Broome County Childhood Lead Poisoning Primary Prevention Program (CLPPPP)

225 Front Street Binghamton, NY 13905
Tagline: State-funded childhood lead poisoning primary prevention program.

The National Center for Healthy Housing (NCHH) has been providing technical assistance and evaluation support to the New York State Department of Health (NYSDOH) Childhood Lead Poisoning Primary Prevention Program (CLPPPP) since the inception of the initiative in 2007. Each of the 15 grantee programs operates within a unique local landscape that impacts the distinct challenges they face and successes they accomplish.
As a CLPPP Program grantee, the Broome County CLPPPP program seeks to achieve five goals:
1. Identify housing at greatest risk of lead-based paint hazards.
2. Develop partnerships and community engagement to promote primary prevention.
3. Promote interventions to create lead-safe housing units.
4. Build lead-safe work practices (LSWP) workforce capacity.
5. Identify community resources for lead-hazard control.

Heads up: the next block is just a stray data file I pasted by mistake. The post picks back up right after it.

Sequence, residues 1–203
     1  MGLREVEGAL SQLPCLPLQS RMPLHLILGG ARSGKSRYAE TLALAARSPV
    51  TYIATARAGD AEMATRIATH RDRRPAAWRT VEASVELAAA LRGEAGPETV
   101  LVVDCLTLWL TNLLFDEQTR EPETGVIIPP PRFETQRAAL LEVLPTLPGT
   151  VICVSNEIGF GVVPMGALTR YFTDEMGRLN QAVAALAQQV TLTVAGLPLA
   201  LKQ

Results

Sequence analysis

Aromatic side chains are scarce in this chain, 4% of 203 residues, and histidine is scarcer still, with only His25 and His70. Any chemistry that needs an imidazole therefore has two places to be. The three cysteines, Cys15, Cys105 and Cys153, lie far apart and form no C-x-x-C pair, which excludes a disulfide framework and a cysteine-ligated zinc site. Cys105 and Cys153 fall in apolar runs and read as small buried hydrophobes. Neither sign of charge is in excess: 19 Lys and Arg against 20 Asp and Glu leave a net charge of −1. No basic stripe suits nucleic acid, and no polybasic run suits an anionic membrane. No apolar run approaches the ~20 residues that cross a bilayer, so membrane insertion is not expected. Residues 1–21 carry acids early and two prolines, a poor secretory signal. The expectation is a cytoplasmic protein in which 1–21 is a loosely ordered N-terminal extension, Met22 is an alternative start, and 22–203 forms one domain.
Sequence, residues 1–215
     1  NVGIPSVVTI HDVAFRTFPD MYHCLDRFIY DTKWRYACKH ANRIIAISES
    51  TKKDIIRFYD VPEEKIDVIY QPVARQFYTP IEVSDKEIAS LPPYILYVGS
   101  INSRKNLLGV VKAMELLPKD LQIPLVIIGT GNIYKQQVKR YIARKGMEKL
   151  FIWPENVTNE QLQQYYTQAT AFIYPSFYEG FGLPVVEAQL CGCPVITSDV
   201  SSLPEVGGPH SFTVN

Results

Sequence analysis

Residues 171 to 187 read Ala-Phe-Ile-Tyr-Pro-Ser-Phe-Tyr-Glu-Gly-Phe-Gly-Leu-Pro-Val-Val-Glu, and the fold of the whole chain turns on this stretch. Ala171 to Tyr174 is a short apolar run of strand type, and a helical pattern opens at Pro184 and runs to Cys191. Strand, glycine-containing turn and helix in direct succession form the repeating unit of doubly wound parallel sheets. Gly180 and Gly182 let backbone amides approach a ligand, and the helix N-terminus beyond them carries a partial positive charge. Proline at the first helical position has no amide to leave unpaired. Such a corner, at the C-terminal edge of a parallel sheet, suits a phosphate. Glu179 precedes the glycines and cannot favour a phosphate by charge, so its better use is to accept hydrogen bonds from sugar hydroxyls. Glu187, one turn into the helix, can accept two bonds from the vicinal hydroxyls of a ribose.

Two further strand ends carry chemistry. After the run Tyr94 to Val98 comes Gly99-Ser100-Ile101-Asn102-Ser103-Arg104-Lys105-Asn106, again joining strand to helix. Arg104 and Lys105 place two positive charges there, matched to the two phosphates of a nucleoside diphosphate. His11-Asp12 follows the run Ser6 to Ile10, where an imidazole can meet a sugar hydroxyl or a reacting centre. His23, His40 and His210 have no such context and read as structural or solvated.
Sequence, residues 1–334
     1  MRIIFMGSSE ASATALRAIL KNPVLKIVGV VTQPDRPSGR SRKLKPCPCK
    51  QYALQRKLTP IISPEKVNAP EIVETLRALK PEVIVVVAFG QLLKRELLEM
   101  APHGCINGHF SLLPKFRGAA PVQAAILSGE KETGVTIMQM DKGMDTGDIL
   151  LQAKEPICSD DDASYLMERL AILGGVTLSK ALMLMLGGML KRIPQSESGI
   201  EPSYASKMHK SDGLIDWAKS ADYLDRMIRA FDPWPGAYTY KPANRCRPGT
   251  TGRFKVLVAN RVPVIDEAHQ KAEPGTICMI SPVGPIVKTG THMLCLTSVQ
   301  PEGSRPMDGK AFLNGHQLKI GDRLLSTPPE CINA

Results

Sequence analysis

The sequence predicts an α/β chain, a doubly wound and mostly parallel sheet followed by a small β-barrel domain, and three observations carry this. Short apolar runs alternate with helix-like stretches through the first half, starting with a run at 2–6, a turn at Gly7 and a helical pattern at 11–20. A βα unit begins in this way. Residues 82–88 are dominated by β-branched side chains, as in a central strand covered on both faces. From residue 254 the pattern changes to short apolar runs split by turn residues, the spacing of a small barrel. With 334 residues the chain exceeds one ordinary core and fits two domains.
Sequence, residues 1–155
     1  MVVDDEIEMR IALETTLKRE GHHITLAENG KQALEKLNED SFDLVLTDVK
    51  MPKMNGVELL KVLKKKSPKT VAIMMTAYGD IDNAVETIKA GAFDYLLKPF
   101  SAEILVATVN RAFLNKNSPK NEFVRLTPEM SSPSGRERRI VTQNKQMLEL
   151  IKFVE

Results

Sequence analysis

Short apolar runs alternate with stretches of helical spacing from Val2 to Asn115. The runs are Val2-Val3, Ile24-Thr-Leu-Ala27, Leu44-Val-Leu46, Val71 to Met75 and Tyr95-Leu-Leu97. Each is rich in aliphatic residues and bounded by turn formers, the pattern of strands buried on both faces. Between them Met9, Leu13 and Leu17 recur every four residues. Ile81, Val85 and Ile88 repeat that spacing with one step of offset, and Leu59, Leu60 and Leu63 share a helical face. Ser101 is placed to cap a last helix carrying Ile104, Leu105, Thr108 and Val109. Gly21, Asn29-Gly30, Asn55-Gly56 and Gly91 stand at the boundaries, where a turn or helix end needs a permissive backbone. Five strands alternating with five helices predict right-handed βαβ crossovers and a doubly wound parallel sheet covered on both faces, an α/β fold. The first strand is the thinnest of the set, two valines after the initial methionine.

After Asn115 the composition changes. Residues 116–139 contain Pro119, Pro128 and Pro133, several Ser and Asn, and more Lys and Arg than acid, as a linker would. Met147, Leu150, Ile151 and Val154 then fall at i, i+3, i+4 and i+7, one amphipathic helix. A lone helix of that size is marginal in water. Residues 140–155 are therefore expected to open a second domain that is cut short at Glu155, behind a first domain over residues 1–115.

Since 2008, Broome County CLPPPP has worked with property owners to remove lead paint hazards from housing in target ZIP codes 13901–13905 within the city of Binghamton and ZIP codes 13760 and 13790 within the town of Union. Housing units outside those areas are inspected when referred by the Lead Poisoning Prevention Program (which is responsible for responding to children with elevated blood lead levels).

The program also inspects properties based on referrals from the Healthy Neighborhoods Program,
Maternal and Child Health Home Visiting Programs, WIC, and/or code enforcement agencies; requests from owners or tenants; and observations of deteriorated exterior paint. The program targets the highest-risk properties, including but not limited to homes of at-risk newborns or pregnant women, units where children with blood lead levels between 5–9 or 10–14 μg/dL reside or units adjacent to them, and vacant properties.

The program’s inspection protocol consists of an exterior and interior visual inspection as well as XRF (x-ray fluorescence) measurement of lead on painted household surfaces accessible to the residents of each unit. Inspectors also provide educational materials and incentives, such as cleaning products, to encourage residents’ cooperation.

Lead paint dust created during renovation work can substantially increase children’s exposure to lead. The program works to address this problem by training landlords, homeowners, and contractors working on properties under notice as EPA-certified lead renovators. This training focuses on reducing the amount of dust generated during paint disturbing work, containing any dust generated, and thoroughly cleaning the jobsite after work to remove any lead-contaminated dust.

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